/Photo ©Ross Halfin
Editor's Note: Brad Tolinski has been the editor-in-chief of Guitar World, the world's bestselling magazine for musicians, for more than two decades. He has interviewed and profiled most of popular music's greatest guitarists, including Eric Clapton, B.B. King, Eddie Van Halen, Jack White, and Jeff Beck. Here, as his new book Light and Shade: Conversations with Jimmy Page hits shelves, Tolinski talks about the experience of interviewing a rock and roll legend.
I had my first conversation with guitar icon Jimmy Page in the spring of 1993. As editor-in-chief of Guitar World magazine, I assigned myself the job of interviewing him for a story on his recent, and controversial, collaboration with Whitesnake's David Coverdale. But my real interest was far more personal. As a child of the '70s, I grew up with Page's work with the Yardbirds and Led Zeppelin deeply embedded in my DNA. I had always admired his innovations as a guitarist, composer and arranger. As a producer, I believe, he ranked up there with true innovators like Phil Spector and George Martin.
As a journalist, I always wondered why nobody ever asked him about that stuff, and I imagine Jimmy wondered the same thing. This is what I wanted to read and wanted to write.
Page's prickly reputation with journalists was, of course, well known to me, so I prepared myself for a potentially difficult time. I won't say we got on like two bustles in a hedgerow, but I could tell he enjoyed the fact that I was able to converse about his music in a relatively sophisticated and technically knowledgeable way. A couple of hours into our first interview we hit a small speed bump when he began to humorously feign exhaustion at the perhaps too forensic nature of my questioning. Undeterred, I pushed onward and, miraculously, he hung in there for another hour with absolutely no hint of rock legend attitude. You could sense that he was happy just to have a serious discussion about his music - not just Led Zeppelin but also his partnership with Coverdale, which had occupied him for more than a year.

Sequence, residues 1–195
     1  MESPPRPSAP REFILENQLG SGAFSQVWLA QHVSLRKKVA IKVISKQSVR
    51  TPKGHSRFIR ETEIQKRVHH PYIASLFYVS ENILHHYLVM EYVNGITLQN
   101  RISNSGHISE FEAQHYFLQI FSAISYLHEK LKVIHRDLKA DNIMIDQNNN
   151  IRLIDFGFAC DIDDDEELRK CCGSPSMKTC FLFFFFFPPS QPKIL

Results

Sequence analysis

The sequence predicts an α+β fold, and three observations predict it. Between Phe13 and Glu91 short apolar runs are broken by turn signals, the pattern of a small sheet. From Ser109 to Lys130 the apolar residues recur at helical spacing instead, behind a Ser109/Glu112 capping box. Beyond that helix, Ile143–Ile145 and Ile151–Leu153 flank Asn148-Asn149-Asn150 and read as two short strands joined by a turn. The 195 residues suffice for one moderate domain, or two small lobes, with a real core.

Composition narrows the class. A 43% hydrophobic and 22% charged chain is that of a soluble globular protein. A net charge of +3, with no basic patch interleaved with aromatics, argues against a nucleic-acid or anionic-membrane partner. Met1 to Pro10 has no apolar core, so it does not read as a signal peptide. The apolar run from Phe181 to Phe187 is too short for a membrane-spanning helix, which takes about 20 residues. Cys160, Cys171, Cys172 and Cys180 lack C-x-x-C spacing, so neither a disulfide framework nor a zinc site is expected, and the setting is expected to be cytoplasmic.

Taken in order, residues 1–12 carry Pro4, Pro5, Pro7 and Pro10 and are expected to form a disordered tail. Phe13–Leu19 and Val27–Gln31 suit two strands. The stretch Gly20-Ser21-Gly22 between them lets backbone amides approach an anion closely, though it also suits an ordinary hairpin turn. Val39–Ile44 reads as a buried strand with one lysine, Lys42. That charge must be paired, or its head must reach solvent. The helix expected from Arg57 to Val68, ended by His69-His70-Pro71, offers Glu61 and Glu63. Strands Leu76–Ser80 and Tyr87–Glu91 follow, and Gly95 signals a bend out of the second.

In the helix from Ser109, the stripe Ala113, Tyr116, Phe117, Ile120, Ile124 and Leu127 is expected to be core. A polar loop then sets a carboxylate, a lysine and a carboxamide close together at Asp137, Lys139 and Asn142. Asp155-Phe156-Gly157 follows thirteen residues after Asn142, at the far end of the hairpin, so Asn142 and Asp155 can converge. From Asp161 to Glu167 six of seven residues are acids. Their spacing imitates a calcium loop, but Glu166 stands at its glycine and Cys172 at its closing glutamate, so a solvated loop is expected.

Which brings me to the purpose of my new book, Light & Shade: Conversations with Jimmy Page. In many ways, this work is a natural extension of that first encounter. It is my belief that Page and many of his rock and roll peers, like Keith Richards, Peter Townshend, and others too numerous to mention, are overappreciated for their eccentricities and antics and underappreciated for their actual contributions to music, art and culture.
More often than not, our greatest rockers are reduced to a cartoon or a cheap punchline. Page is the mad occultist who sold his soul to the devil, Richards is the drug-addled reprobate with nine lives and Townshend a jumping, windmilling ball of sexual confusion.
While I'm the first to laugh and shake my head at a good rock and roll tale, there needs to be some balance. The same serious musical analysis given to groundbreaking jazz and blues artists such as Muddy Waters and Miles Davis - visionaries who also bridged the gap between artistic and commercial success - should be rendered to our classic rock contemporaries. The music of Led Zeppelin, the Rolling Stones, The Who, and many others has clearly stood the test of time and continues to intrigue generations of music fans who were born years after they were formed, so what makes it tick?
Light & Shade is a serious attempt to answer that question. It is not a tell-all biography in the traditional sense, but rather (I hope) an enlightening and definitive look at the musical life of a rock genius, told in his own words. In the music documentary "It Might Get Loud," Jimmy briefly touches on what the term "light and shade" means to him: "Dynamics ... whisper to thunder; sounds that invite you in and intoxicate." Think of this book as an expansion of those basic ideas, and a rare opportunity to actually hear a master artist explain his music.